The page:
Frogs … they’re everywhere! … in their homes, in their beds, in their bowls, in their ovens—everywhere! Yet, when Moses, God’s messenger comes to Pharaoh and asks when he’d like them removed, he says, “Tomorrow.” “Just let me spend one more night with those frogs.” How about you? Are there any frogs you’re keeping around for another sleepover?
Sleeping with Frogs
It’s time. God is about to deliver His people. But first, He prepares Moses and Aaron for the task ahead:
¹ So the Lord said to Moses: “See, I have made you as God to Pharaoh, and Aaron your brother shall be your prophet.2 You shall speak all that I command you. And Aaron your brother shall tell Pharaoh to send the children of Israel out of his land. 3 And I will harden Pharaoh’s heart, and multiply My signs and My wonders in the land of Egypt. 4 But Pharaoh will not heed you, so that I may lay My hand on Egypt and bring My armies and My people, the children of Israel, out of the land of Egypt by great judgments. 5 And the Egyptians shall know that I am the Lord, when I stretch out My hand on Egypt and bring out the children of Israel from among them” (Ex. 7.1-5).
“I will harden Pharaoh’s heart.” At first glance, that might seem a little unfair! Is God on His throne pointing to one person and saying I don’t like the way she looks, I think I’ll harden her heart? God is God and He can certainly do as He sees fit, but that is not the picture we see here.
God said He had heard the cries of his people in Egypt (Ex. 3.7), cries against which Pharaoh had already hardened his heart. When we harden our hearts and refuse to show compassion on others, why should we be surprised if He withholds compassion from us?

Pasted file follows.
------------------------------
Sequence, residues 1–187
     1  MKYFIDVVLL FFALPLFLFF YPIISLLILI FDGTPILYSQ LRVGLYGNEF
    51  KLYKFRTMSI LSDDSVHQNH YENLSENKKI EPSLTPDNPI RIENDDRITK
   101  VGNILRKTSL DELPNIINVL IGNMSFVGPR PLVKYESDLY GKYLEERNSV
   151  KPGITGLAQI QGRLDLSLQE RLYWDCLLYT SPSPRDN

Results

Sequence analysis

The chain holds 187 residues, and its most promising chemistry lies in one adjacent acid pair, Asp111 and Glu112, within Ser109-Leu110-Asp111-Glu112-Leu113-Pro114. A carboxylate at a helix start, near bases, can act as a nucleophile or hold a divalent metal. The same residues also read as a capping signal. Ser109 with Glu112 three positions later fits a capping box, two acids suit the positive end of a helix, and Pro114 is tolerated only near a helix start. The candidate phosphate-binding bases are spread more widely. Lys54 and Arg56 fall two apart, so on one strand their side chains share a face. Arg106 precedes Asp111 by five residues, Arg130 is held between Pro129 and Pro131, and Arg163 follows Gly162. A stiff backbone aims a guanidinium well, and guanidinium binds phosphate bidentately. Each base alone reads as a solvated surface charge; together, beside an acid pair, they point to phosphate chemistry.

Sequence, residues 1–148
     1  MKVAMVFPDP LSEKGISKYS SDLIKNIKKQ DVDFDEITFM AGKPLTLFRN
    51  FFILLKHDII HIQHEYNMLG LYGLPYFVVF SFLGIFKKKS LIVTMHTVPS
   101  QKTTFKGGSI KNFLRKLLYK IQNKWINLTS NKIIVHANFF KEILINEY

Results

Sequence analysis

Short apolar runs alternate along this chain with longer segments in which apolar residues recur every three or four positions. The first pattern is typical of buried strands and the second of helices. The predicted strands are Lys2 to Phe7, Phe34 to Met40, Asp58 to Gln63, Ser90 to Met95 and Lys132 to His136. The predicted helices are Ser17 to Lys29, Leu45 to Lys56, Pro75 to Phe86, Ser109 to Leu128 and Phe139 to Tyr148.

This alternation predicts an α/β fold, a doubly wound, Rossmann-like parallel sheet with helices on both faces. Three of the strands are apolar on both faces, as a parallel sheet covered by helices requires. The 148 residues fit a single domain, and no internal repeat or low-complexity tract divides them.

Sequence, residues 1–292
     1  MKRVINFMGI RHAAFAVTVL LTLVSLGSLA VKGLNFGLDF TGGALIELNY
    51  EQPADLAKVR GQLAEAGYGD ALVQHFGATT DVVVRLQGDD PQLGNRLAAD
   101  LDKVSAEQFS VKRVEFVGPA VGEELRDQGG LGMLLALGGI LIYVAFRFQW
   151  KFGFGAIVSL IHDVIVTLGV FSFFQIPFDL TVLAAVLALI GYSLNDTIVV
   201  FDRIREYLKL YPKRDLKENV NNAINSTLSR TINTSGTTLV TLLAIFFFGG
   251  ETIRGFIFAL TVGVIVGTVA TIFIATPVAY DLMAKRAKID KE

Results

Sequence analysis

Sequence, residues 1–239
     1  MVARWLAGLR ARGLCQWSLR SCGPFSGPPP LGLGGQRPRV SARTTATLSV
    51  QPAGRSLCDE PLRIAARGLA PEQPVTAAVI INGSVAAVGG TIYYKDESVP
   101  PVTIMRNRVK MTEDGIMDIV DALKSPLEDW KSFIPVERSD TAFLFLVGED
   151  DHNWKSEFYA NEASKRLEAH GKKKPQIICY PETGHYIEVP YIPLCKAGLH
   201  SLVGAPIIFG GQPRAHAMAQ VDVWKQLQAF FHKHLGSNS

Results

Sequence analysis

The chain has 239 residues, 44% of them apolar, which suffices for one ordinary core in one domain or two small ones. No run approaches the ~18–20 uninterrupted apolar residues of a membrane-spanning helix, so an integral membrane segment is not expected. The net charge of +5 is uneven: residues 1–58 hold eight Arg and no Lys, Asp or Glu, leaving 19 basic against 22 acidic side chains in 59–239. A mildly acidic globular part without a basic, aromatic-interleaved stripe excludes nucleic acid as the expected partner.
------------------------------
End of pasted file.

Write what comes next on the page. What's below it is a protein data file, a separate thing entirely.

Even as believers, though we don’t lose our salvation, we can damage our fellowship with Him and set in motion laws of sowing and reaping (Gal. 6.7-9). And if we repeatedly harden our hearts, it may be a sign that we are not really saved, because the Bible teaches that though believers may sin, they will repent.
Even in these passages in Exodus, Pharaoh continues to harden his own heart. Ten times it says Pharaoh hardened his heart and ten times God hardened his heart. God’s hardening was judicial hardening in response to Pharaoh’s personal, sinful hardening.
We see a similar picture in beginning in verse 18. We sometimes call this passage the downward spiral of sin. We see men and women refusing to respect God as God though they know the truth and choosing to continue in their sin. In verses we see the response of God. It says He, “gave them up …,” “gave them up …,” and “gave them over …” John MacArthur says in his Study Bible, “When men consistently abandon God, He will abandon them by removing His restraint and allowing sin to run its inevitable course.”
This results in hearts that are more and more hardened by their own sin. As we look around our world today, we see this in abundance. It’s interesting that the example God uses in Romans 1 is that of homosexuality. Consider that as you listen to the news.
One More Night with the Frogs
One of the plagues God brought on the Egyptians was frogs (Ex. 8.1-15). Can you imagine? Frogs are everywhere—in in their homes, in their beds, in their bowls, in their ovens—everywhere! When Pharaoh had once again promised to let the people go, Moses said, “Accept the honor of saying when I shall intercede for you …” In other words, “When do you want me to get rid of the frogs?” And Pharaoh says, “TOMORROW!” Tomorrow? “Yes, let me spend one more night with the frogs!”
It seems ridiculous, yet, there can be things we refuse to give up in spite of the consequences. Areas where we are saying, in effect, “Let me have one more night with these frogs!”
Then notice verse 15, “But when Pharaoh saw that there was relief, he hardened his heart and did not heed them, as the LORD had said.”
How many times have you and I repeated the same pattern? We have a crisis Continue reading